Face-to-Face group meeting (3)
Face-to-Face, One-on-One meeting (5)
I tried to be the same me in every space, to offer the same value regardless of time, path, place, or mode. The trick, I’ve found, to doing that is to concentrate as much as you can on the person on the other end of the phone, Zoom link, meeting room, etc. Forgetting the medium is easy when you are really focusing on the connection that the medium makes possible.
In his newly enhanced newsletter, Dan Pink suggests a short column by Op-Ed writer Bret Stephens. It’s about writing — tips about writing op-eds to be precise. Here’s some of the advice that I think is worth keeping.
Cliches are bad. We know this. Stephens avoids the cliche in cliche bashing by comparing cliches to Velveeta cheese (for chefs) and noting that they are “indicative of the mental slop that lies beneath.” Ouch and indeed.
“If you find writing easy, you’re doing it wrong.” Pink loved that sentence, and I’d add that it’s exactly right most of the time.
Stephens ends well, too: “I’d wish you luck,” he writes, “but good writing depends on conscious choice, not luck. Make good choices.”
I’ve read and edited a mountain of writing. Ninth grade essays on Lord of the Flies, college admissions essays, the writing of college students, graduate students, and high school administrators. I’ve read and edited stories from third graders and aspiring sixty-year-old poets. I’ve edited police blotters and high school literary magazines. The writers worth reading make conscious choices.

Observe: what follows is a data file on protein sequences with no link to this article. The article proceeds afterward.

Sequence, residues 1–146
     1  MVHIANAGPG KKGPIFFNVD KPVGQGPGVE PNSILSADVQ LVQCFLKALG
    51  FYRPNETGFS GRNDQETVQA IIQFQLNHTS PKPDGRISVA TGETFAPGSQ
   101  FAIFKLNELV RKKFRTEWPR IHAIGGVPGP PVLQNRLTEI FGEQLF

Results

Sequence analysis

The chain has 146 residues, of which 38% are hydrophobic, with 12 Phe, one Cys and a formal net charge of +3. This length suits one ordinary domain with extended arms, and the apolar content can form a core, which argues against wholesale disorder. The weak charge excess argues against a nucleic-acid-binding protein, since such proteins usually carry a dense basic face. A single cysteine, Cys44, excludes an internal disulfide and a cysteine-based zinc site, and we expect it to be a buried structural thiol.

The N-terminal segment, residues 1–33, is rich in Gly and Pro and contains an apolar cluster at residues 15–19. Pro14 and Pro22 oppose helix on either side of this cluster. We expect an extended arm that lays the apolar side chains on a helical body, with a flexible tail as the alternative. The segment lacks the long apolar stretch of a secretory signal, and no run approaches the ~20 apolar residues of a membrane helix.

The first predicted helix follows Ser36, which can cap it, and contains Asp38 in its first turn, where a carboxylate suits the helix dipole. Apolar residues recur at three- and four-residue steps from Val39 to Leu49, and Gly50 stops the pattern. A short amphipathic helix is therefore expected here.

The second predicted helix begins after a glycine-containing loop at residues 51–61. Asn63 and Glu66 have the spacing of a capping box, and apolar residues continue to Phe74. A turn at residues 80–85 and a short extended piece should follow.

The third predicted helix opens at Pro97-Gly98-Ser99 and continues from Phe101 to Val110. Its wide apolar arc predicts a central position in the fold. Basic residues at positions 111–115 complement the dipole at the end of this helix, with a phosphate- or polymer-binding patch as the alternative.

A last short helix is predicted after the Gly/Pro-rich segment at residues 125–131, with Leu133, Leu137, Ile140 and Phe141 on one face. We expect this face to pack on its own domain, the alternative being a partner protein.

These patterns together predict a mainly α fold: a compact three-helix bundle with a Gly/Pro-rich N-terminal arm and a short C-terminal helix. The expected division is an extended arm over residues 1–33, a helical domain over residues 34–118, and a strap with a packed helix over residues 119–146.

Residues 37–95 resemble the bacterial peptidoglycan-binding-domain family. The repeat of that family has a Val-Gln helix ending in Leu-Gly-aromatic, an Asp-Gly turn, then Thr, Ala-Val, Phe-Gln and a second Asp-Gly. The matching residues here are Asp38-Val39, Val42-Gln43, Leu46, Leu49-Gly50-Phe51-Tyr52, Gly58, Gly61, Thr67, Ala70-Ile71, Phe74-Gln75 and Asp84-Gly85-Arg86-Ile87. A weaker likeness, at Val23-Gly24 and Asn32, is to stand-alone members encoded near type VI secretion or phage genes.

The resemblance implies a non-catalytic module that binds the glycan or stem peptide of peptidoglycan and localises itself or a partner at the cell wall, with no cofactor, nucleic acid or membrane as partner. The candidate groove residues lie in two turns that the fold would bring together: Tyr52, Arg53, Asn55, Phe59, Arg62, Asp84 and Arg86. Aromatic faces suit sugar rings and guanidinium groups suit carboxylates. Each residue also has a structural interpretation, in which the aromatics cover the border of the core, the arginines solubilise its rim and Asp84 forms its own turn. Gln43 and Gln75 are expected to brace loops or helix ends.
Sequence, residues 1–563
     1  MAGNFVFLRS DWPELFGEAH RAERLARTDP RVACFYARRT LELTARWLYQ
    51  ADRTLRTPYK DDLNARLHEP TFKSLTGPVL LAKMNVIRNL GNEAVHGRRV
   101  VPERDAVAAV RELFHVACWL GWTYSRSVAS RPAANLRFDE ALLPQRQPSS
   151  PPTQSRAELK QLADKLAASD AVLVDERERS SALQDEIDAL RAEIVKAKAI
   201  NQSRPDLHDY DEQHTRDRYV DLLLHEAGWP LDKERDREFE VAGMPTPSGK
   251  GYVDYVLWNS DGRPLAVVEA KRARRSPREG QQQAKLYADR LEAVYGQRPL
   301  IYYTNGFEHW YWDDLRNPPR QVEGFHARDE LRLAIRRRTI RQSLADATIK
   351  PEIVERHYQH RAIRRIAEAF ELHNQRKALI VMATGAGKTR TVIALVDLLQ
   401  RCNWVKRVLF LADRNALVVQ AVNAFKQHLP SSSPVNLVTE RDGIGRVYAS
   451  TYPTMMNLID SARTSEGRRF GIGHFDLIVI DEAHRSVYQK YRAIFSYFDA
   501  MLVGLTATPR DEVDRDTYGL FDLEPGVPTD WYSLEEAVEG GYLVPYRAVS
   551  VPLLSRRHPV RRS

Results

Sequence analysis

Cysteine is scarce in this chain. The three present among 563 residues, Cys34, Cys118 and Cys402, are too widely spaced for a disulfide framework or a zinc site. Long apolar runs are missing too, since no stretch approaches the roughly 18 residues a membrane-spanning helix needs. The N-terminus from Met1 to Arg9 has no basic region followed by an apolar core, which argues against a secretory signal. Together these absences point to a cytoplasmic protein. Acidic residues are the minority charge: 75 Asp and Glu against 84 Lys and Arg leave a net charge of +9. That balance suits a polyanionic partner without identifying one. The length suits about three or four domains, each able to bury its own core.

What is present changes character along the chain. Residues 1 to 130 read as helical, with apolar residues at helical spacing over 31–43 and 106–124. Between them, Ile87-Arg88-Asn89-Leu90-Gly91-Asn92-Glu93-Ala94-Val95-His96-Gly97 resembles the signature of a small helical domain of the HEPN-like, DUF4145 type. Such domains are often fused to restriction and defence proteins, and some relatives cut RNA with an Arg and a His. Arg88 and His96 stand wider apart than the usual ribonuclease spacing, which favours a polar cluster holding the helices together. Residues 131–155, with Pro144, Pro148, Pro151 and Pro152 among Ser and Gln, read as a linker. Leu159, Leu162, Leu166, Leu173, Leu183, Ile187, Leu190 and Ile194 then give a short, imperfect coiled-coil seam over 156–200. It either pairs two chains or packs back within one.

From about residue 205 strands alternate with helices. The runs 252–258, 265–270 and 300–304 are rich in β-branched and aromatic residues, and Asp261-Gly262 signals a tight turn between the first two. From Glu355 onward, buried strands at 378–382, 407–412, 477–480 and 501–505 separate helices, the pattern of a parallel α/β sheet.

They use vowel-loaded words when they’re talking about rivers and hard consonants when they’re feeling upset or broken. Even if their choices aren’t great, the fact that they choose words carefully, consider sentence lengths, and wrestle with imagery and symbolism signals an acute resistance of automaticity and the urge to tell too much. They disrupt silence, in other words, reluctantly and reverently. Kerouac and Ginsberg were heroes to me once, but their “first though, best thought” method was, is, and will be . . . bunk.
I saw this “in the wild” today.”* ** ***
*The degree to which people can share their work processes today never ceases to amaze me.
**As a teacher, I love the just-in-time opportunity that this opens up.
***I also love the leadership instinct that’s present in this example. You can watch the the leader in the conversation emerge as she suggests the best way to connect, serving the present task by choosing the best tool at the best time.